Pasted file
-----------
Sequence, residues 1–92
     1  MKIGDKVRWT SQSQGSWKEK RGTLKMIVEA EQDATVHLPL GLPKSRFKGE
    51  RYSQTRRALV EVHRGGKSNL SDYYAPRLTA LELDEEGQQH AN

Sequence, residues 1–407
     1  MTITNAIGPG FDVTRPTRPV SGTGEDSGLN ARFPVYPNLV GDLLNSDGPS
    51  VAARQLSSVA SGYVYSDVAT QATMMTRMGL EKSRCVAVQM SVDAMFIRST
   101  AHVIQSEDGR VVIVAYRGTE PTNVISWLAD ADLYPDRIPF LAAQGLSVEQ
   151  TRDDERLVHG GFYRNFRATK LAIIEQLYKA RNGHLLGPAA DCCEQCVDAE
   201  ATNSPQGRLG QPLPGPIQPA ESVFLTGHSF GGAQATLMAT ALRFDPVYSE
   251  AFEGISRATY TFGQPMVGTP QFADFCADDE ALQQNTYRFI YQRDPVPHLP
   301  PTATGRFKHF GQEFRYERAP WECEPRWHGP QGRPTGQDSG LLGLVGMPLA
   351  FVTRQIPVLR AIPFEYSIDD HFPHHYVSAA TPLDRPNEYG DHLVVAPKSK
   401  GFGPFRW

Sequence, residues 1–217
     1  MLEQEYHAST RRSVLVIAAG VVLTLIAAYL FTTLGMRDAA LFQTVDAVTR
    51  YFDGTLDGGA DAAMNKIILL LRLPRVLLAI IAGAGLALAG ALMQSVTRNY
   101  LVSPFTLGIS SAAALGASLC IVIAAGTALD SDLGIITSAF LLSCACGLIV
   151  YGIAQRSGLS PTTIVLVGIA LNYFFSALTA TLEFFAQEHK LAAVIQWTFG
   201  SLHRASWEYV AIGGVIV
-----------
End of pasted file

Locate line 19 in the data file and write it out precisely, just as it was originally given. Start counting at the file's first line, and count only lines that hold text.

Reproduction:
   201  SLHRASWEYV AIGGVIV